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Mothers’ In-Hospital Infections Associated with Children’s Autism

🕑 2 minutes read
Posted January 6, 2014
A woman in a hospital bed

Hospitalized pregnant women who were diagnosed with an infection are more likely to have a child with autism.

A study from health care provider Kaiser Permanente’s Division of Research contributes to the mounting evidence linking immune system activity during pregnancy to a child’s later development of an autism spectrum disorder (ASD). The study analyzed the association between pregnant women being diagnosed with an infection while in the hospital and children later being diagnosed with an ASD. They found that pregnant women who are diagnosed with a bacterial infection while hospitalized are more likely to have a child with an autism spectrum disorder.

The researchers evaluated data from 407 children with an ASD and 2,075 demographically-matched children without an ASD. The children were born between January 1995 and June 1999 to mothers who were part of the Kaiser Permanente system during and for at least two years after the child’s birth. The research team searched for records of mothers being diagnosed with bacterial infections—of the urinary tract or amniotic fluid, for example—comparing it to later data regarding the diagnosis of an ASD.

Dr. Lisa Croen, senior study author, explains the findings: “Only bacterial infections diagnosed in the hospital were associated with an increased risk. Infections diagnosed in a hospital setting were more common among mothers of children who developed an ASD compared with mothers of children who did not develop an ASD.”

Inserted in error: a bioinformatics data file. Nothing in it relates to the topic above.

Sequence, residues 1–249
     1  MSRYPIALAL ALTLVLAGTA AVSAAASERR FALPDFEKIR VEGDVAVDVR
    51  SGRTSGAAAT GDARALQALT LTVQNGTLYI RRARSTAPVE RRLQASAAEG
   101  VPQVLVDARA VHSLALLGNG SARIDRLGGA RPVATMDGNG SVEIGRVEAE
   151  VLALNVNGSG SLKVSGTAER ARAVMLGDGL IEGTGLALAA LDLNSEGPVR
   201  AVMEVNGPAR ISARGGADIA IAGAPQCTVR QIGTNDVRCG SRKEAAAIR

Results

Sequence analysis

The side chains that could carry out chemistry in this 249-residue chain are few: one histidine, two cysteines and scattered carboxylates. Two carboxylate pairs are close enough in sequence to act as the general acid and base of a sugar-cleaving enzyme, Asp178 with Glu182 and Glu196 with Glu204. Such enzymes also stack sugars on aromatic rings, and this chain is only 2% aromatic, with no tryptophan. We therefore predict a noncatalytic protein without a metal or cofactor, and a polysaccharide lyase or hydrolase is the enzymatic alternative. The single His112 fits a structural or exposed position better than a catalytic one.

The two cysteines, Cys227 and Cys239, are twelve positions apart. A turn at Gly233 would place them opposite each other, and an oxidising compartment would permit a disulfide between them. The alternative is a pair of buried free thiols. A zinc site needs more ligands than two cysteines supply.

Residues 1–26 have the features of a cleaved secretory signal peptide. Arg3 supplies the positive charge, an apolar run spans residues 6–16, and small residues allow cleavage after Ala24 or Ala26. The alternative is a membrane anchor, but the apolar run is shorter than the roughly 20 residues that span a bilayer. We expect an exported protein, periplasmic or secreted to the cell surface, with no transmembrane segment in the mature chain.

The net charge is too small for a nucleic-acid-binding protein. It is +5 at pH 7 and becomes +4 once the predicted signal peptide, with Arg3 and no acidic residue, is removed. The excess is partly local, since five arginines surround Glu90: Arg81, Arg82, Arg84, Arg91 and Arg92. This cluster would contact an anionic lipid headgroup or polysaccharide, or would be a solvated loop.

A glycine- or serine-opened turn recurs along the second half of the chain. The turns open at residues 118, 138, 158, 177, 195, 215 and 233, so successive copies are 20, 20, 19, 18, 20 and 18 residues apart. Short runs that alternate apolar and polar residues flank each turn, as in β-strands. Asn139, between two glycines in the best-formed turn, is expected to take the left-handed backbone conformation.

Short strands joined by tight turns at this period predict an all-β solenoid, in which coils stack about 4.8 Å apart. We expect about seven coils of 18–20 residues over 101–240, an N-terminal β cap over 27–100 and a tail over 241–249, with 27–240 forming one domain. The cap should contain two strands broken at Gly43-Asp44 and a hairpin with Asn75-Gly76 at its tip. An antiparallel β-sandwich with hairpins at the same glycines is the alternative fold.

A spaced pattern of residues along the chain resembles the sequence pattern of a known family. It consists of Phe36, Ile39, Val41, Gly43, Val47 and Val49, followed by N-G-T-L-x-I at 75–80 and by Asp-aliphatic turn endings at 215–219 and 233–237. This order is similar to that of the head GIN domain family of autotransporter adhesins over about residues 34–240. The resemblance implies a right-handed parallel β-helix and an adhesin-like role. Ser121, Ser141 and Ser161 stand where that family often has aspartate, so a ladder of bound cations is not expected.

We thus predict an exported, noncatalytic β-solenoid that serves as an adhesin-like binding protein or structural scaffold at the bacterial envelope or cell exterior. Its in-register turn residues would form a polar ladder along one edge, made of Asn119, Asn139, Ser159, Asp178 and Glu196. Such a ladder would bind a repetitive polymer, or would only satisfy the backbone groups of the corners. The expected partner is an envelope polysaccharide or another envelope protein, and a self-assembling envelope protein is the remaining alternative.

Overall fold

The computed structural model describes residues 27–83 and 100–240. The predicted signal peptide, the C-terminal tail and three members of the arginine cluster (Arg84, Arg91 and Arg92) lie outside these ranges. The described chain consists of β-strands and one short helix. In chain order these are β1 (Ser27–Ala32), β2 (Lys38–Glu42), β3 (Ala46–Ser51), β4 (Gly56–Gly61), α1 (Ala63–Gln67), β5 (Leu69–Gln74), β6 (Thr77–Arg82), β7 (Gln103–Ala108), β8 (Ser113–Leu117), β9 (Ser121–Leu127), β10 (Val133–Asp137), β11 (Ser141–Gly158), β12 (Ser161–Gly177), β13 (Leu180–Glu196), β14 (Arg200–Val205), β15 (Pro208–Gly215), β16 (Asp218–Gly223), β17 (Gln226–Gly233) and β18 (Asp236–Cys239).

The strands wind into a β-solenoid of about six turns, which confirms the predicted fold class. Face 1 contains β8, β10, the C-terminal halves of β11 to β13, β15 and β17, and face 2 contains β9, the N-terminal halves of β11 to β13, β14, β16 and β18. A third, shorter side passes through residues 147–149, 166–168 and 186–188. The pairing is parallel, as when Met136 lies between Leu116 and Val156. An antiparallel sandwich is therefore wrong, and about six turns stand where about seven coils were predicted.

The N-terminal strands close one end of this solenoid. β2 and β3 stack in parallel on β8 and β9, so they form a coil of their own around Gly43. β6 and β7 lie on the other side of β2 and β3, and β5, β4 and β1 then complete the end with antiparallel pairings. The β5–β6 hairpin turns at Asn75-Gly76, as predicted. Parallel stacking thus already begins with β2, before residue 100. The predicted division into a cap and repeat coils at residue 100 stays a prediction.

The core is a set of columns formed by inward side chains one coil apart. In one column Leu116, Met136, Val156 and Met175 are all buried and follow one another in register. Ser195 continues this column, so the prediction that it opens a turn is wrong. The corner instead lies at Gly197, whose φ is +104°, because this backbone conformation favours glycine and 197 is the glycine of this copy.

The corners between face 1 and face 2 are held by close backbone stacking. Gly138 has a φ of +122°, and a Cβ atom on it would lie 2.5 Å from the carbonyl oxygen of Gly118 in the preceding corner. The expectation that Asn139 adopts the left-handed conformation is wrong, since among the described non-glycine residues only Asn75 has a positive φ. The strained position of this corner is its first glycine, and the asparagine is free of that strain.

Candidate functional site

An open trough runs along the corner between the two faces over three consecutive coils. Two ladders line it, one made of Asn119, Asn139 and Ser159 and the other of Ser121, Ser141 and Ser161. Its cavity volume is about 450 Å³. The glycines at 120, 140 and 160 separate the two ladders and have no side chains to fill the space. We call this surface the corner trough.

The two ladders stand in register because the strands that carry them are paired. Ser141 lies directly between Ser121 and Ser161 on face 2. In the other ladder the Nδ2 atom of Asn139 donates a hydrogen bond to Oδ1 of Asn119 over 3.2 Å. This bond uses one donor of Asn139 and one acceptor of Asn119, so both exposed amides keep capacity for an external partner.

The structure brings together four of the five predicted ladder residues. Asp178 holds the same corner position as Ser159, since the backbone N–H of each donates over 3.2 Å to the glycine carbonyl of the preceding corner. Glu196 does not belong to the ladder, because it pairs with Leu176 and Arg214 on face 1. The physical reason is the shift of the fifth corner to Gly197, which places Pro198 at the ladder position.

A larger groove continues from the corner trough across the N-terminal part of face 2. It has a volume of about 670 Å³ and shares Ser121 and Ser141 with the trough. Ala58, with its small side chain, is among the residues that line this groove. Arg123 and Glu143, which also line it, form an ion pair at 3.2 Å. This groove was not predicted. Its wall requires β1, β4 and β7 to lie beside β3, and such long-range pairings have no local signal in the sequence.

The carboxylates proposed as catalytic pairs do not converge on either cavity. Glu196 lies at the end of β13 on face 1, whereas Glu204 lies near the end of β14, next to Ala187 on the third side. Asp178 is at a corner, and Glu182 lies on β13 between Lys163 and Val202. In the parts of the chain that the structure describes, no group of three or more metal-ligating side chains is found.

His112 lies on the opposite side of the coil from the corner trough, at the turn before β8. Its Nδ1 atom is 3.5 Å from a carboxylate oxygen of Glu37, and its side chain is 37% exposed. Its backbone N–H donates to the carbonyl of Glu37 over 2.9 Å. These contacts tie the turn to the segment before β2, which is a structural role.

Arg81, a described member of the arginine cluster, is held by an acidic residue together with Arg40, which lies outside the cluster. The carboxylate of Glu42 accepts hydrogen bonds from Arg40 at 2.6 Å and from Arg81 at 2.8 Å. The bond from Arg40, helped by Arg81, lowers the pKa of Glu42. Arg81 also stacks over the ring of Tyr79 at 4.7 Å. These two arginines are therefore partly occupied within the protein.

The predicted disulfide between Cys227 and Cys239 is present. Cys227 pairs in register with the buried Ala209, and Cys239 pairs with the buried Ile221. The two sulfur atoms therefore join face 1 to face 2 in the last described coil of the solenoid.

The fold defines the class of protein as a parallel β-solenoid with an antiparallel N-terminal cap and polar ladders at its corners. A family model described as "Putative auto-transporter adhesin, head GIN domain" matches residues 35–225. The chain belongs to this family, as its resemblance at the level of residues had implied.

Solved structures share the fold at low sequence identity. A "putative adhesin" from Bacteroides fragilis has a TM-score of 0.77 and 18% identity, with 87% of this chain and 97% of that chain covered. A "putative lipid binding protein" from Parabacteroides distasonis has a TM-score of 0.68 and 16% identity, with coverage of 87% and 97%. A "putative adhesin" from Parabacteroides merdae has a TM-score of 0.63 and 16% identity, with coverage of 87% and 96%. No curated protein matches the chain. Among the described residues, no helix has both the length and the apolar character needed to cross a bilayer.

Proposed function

The results were that women diagnosed with a bacterial infection had a 58 percent greater risk of having a child with an ASD. Infections were not as common among mothers of children who did not have autism; 1.5 percent of mothers of a child with ASD had infections, compared to just 0.5 percent of mothers of children without an ASD. Finally, infections during the second trimester of pregnancy were correlated to a three-fold increase in risk of developing an ASD.

Although this research strengthens the link between a pregnant woman’s immune system activity with the later diagnosis of a child with autism, the researchers admit that the exact mechanism for this relationship is not yet known. Ousseny Zerbo, Ph.D. and lead author of the study posits that the severity of the infection may be related to the increased risk of ASD.

Most infections during pregnancy are not associated with an autism risk.

This research is published in the Journal of Autism and Developmental Disorders.

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